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Decline and Fall (1928)

by Evelyn Waugh

Other authors: See the other authors section.

MembersReviewsPopularityAverage ratingMentions
3,087533,027 (3.86)223
(Book Jacket Status: Jacketed) Decline and Fall (1928) was Evelyn Waugh's immensely successful first novel, and it displays not only all of its author's customary satiric genius and flair for unearthing the ridiculous in human nature, but also a youthful willingness to train those weapons on any and every thing in his path. In this fractured picaresque comedy of the hapless Paul Pennyfeather stumbling from one disaster to another, Waugh manages the delicious task of skewering every aspect of the society in which he lived. With an Introduction by Frank Kermode… (more)
  1. 30
    Vile Bodies by Evelyn Waugh (Nickelini)
    Nickelini: If you like one of these Evelyn Waugh novels, chances are you'll like the second.
  2. 00
    Lucky Jim by Kingsley Amis (hazzabamboo)
    hazzabamboo: These are two of the only books that make me laugh out loud. Also, both are entertaining (and very English) accounts of young men coming of age with more than a little truth to them.
  3. 00
    A Handful of Dust by Evelyn Waugh (John_Vaughan)
  4. 00
    Put Out More Flags by Evelyn Waugh (John_Vaughan)
  5. 00
    Scoop by Evelyn Waugh (John_Vaughan)
  6. 01
    Crome Yellow by Aldous Huxley (John_Vaughan)

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» See also 223 mentions

Showing 1-5 of 53 (next | show all)
The misadventures of Paul Pennyfeather.

It did have some genuine LOL moments but I didn't take to this. I think the time has come to admit I don't actually like Waugh very much despite the lush romanticism of the TV adaptation of "Brideshead Revisted". ( )
  Robertgreaves | Mar 31, 2019 |
After walking into to a prank by some good ol' boys, Paul Pennyfeather is sent down from Scone College for 'indecent behavior', a blow that he takes without too much fuss. His guardian denies him his allowance and he is sent off to teach at a public school far enough down the ladder to not inquire too closely into his background.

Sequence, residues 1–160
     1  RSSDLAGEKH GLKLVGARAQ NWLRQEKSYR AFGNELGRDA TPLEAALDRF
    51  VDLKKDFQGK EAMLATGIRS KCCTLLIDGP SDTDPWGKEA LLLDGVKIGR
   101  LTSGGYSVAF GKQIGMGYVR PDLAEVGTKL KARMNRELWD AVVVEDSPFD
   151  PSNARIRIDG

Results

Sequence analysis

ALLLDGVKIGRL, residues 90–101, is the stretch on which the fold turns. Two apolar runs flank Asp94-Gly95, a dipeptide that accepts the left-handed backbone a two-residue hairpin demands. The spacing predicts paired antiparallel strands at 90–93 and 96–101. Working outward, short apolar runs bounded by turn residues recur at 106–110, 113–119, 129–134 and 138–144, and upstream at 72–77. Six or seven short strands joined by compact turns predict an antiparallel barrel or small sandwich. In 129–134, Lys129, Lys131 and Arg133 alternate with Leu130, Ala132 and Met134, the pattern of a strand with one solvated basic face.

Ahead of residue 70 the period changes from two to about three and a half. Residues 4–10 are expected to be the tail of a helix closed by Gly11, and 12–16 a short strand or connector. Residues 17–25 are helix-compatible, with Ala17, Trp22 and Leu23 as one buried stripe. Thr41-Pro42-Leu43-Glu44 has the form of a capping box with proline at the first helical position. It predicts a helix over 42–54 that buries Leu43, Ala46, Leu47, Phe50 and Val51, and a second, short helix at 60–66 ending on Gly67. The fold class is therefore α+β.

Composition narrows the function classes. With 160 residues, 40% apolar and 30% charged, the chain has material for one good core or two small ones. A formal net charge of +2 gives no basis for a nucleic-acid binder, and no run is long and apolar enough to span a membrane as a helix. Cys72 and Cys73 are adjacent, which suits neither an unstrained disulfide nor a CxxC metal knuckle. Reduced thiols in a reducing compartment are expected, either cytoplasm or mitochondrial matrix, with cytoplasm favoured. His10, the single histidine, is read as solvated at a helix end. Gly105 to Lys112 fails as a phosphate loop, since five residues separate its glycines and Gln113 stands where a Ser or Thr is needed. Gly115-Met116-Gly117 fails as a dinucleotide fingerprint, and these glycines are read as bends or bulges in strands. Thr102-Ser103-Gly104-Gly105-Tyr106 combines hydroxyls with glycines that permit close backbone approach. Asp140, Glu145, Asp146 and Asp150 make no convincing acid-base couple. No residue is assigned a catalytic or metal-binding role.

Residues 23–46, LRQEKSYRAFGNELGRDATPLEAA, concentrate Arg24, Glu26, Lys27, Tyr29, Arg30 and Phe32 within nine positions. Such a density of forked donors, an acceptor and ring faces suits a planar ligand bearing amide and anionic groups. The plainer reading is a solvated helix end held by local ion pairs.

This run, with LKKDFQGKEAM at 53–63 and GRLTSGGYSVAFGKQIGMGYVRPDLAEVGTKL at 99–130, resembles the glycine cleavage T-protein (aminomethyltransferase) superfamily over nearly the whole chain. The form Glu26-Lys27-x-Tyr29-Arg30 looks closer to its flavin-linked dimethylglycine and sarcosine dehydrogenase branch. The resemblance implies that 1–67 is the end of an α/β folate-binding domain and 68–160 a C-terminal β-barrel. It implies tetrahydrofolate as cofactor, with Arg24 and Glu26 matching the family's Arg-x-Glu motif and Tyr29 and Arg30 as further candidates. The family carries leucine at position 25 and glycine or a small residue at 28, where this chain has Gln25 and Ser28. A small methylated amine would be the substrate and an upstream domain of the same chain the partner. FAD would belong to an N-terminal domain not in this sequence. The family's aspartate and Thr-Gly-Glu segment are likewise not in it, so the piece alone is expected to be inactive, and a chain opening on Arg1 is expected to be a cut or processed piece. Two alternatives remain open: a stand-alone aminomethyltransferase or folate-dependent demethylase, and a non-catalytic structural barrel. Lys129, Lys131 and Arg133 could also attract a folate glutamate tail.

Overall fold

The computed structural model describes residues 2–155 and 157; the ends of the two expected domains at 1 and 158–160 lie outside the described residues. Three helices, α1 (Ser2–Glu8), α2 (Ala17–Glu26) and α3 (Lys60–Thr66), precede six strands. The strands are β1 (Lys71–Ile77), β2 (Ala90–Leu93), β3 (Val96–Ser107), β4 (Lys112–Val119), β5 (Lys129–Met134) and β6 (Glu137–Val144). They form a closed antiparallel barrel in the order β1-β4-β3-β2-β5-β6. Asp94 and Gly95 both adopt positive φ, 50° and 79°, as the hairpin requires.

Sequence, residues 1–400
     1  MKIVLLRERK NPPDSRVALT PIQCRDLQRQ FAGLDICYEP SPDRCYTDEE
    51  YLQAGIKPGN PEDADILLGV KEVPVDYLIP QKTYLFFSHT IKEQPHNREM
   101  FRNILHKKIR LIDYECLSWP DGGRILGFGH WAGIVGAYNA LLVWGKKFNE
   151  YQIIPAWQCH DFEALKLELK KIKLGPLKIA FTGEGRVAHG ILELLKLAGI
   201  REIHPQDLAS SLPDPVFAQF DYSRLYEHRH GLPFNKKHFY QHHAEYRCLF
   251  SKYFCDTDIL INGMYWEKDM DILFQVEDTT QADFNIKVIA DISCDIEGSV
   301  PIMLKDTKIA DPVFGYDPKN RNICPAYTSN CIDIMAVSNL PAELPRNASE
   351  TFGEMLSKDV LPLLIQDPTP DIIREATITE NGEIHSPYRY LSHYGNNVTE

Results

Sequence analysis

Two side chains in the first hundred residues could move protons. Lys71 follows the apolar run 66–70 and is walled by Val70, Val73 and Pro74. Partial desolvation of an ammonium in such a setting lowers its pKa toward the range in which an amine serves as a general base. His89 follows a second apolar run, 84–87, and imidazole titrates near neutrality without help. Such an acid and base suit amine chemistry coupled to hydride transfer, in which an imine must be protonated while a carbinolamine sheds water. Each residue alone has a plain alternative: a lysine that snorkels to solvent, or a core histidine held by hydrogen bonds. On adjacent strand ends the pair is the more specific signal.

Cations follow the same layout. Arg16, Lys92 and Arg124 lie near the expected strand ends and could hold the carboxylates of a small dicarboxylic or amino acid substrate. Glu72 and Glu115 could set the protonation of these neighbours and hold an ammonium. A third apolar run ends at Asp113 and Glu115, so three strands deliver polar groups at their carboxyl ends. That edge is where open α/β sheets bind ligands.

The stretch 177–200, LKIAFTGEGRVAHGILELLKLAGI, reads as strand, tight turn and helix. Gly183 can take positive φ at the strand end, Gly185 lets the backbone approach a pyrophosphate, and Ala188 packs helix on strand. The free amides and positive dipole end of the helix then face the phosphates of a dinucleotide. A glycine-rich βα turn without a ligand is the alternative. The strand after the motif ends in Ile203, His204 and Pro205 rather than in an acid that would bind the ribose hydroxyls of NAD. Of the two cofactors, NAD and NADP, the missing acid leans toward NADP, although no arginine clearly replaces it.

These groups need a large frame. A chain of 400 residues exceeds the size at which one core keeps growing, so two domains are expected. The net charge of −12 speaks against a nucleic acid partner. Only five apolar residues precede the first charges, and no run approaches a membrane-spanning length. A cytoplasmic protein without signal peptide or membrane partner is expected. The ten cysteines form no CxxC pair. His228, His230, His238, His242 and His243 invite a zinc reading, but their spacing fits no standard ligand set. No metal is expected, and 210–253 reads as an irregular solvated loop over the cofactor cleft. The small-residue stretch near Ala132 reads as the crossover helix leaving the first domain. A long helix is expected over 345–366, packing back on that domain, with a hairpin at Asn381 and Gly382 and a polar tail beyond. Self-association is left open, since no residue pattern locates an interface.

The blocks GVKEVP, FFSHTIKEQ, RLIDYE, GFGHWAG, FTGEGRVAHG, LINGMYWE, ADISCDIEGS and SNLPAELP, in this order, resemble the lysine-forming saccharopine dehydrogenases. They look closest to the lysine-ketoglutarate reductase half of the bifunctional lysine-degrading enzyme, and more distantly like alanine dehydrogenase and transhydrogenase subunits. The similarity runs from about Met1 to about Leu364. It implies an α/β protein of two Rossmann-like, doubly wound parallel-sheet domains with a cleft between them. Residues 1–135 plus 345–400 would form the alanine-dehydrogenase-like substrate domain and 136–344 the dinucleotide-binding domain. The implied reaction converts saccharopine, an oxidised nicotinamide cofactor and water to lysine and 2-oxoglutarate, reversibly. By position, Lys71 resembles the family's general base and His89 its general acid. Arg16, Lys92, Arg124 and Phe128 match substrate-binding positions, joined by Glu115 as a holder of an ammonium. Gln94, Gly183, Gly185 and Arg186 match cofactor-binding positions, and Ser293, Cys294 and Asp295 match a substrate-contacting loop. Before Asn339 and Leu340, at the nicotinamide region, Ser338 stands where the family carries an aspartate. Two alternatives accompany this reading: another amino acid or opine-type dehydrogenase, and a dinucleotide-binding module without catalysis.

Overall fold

'Decline and Fall' is Paul's coast through the tribulations of public school, high society, bribery, prison, and faith. Very little appears to touch him. He likes his friends and some of the students, but there is little genuine enthusiasm from him except for the occasional trip out to the tavern.

The joy in the novel comes from the grubby self-interest of the upper classes and the blatant disregard they have for the conventional rules of decency and fair play. They're absolutely terrible and modern popular culture is about little else but terrible people. Waugh doesn't try to sell them as anything else. I liked it as much as 'Brideshead Revisited', but its a very different kind of book. ( )
  ManWithAnAgenda | Feb 18, 2019 |
“...any one who has been to an English public school will always feel comparatively at home in prison.”

Decline and Fall was the first novel written by Evelyn Waugh and was published in 1928 when he was just 24. Personally I cannot help but feel that this is a young man's book in that it was written by a young man for young men. Many of the jokes would certainly seem to appeal to a younger male audiences. (I am in excess of 50). It is a novel full of silly named characters who come out with outrageous comments.

Equally I cannot help but feel that this is a book of its time. Many of the author's 'jokes' would be considered offensive if written today covering some pretty distasteful subjects. There are gags about child abuse, white slavery, mental and physical disabilities to name but a few but perhaps most distasteful are those on racism.

When a mother of one of the prep school boys arrives at her son's school's sports day accompanied by a black man called Chokey, the vicar states that “the mistake was ever giving them their freedom. They were much happier and better looked after before”. The Welsh don't fair much better, they are branded “an unclean people” lacking in culture, “They just sing”. The hero, such as he is, is similarly not a particularly likeable character either.

The novel is best described as a social satire and certainly no social class totally escapes criticism but most of it is aimed at the progeny of the upper classes. Their time at school and college in particular seeming categorized by a time of drinking binges and generally squandering their time there rather than studying. Reading Waugh's other pieces of work it is obvious that his time at college was not a very happy one where he felt excluded from the 'smart set'. Instead he took out his frustrations in literary cynicism.

That all said and done that doesn't mean that I particularly disliked this book, I did smile rather than laugh out loud at some of the absurdities within. However, I feel that this is not one of author's stronger pieces of work which I've read meaning that I found it an OK read rather than a great one. ( )
  PilgrimJess | Jan 16, 2019 |